Well I was in an off-lead area once and a family shows up. They had no dog, they were just looking for a park to play soccer. Unfortunately as soon as they started, half the dogs in the park went after the ball. Sammy got there first, picked the ball up immediately and started trotting around proudly. I told him to drop it, but I knew the only reason he could hold it up was because his teeth had already gone through. The family got so angry at us, not just me, but all the dog owners. He said the dogs should be on a lead, and when it was pointed out to him that this was one of the few places in the whole city where our dogs didn't have to be on lead, he went on to say he thought that was a dangerous and stupid idea (English was not his first language so it was hard to understand what he was yelling about). I then admitted to owning Sammy and offered to buy him a new ball but his response was that he would never be coming back and there was no way he was going to tell me where he lived, obviously he didn't believe I would be coming around to drop off a ball.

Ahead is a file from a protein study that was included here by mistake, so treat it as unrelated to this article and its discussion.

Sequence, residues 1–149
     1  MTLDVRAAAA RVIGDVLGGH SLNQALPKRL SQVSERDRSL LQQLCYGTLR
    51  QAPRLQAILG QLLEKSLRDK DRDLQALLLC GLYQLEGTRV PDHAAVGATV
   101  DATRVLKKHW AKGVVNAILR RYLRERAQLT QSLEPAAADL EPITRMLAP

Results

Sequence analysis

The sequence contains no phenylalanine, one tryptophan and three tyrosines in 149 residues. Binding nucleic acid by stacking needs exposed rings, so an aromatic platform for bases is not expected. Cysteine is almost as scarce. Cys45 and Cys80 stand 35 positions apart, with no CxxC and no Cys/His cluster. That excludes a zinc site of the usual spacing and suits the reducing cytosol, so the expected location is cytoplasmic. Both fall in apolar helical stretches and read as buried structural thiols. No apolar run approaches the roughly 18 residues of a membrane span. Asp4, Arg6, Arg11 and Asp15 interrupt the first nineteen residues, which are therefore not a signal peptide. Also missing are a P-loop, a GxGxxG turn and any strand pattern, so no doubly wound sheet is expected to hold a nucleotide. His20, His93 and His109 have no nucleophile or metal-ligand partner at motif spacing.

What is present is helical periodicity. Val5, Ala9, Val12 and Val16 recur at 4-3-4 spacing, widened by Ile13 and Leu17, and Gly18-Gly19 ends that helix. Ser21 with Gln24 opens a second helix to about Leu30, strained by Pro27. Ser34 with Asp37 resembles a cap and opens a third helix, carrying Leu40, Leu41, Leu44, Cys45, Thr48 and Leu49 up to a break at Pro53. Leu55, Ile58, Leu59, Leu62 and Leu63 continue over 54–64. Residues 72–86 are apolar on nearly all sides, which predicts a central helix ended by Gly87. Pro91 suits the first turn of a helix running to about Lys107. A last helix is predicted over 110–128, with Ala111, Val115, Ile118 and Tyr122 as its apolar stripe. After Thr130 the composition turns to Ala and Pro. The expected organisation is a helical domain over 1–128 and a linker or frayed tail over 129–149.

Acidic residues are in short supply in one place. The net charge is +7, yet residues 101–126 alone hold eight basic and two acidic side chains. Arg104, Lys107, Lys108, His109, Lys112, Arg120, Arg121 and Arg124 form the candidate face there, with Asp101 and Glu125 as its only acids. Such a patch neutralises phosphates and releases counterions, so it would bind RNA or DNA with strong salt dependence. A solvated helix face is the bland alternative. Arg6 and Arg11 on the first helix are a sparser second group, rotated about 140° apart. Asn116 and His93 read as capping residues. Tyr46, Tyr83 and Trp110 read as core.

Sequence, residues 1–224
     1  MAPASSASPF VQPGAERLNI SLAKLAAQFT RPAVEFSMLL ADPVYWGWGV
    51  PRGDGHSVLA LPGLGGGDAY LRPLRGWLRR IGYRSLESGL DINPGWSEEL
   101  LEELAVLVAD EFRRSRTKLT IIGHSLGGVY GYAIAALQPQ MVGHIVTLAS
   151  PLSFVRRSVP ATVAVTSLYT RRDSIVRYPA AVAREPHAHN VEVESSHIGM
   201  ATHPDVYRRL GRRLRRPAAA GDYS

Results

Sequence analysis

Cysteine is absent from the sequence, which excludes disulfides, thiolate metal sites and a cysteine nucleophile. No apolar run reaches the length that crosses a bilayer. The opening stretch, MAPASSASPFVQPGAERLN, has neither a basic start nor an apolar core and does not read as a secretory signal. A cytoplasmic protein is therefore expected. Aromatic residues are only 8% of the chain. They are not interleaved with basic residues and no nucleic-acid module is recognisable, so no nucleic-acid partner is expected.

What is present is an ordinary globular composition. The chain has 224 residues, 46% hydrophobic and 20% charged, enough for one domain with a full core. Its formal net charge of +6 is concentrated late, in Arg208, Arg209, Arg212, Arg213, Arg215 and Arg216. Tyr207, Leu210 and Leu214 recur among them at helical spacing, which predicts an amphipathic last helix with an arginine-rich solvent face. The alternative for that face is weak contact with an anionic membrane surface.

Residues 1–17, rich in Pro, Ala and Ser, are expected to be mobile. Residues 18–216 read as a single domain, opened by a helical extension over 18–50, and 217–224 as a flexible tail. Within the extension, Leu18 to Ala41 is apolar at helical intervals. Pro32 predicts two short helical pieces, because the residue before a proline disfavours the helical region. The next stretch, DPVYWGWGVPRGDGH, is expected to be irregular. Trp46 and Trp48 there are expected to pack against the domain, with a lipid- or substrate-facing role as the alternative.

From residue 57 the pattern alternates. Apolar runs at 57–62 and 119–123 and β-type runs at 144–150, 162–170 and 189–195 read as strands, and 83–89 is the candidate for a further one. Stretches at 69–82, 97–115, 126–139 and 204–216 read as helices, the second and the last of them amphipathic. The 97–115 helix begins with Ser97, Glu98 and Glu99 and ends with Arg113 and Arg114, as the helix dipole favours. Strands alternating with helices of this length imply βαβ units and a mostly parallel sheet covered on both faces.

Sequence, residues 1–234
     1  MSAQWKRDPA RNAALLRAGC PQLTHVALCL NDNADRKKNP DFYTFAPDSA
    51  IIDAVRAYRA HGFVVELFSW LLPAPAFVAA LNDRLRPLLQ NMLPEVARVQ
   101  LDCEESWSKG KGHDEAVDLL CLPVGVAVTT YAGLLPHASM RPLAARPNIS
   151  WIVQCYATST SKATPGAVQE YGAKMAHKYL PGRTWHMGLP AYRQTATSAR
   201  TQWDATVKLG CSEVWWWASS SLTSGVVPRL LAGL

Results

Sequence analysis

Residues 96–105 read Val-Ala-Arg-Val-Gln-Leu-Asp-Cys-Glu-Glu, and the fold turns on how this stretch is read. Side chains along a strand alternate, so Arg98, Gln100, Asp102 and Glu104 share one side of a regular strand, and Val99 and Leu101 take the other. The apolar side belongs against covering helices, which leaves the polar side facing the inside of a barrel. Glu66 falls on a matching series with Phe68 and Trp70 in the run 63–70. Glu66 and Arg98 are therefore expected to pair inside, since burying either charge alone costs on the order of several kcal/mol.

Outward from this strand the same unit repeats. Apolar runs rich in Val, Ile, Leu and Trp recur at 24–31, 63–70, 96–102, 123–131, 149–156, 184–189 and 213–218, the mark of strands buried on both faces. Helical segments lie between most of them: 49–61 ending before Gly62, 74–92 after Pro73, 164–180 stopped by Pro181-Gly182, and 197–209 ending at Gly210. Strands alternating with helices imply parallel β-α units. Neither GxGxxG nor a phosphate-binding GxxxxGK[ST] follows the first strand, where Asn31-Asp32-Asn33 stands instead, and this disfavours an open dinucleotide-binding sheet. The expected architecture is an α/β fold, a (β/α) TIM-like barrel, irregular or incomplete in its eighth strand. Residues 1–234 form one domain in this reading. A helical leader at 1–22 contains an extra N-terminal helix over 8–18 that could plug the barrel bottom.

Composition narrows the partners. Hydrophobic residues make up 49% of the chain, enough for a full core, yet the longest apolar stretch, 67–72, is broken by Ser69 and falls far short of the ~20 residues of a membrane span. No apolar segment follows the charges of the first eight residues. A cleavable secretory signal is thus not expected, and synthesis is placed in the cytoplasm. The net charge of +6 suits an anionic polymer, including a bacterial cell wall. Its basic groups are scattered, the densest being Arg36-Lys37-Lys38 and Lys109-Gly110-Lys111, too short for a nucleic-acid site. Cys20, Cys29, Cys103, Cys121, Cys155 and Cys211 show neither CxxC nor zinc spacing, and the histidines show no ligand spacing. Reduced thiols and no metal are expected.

I think your dog/s should always be under effective control but given there are so few off-lead areas, I also think that if you don't have a dog and you want to do other sorts of activities in a park, well unlike the dog owners, you do have a lot of options. Sammy doesn't run into people much anymore which is lucky, but he did as a younger dog. He seemed to have a lack of spatial awareness and he grew so fast and so big it was like he just had an ever increasing mass to be aware of. Add that to the fact that if he tried to turn whilst running he fell over and the fact that he always stayed near me, well you see how I ended up with bruised shins. I mean if I had ever seen someone who was obviously disabled at a park when Sammy was younger, I would have left and gone elsewhere because there is a real risk and you can't train puppies/adolescents to be more spatially aware or tell them off for wanting to run around in the one place they really can.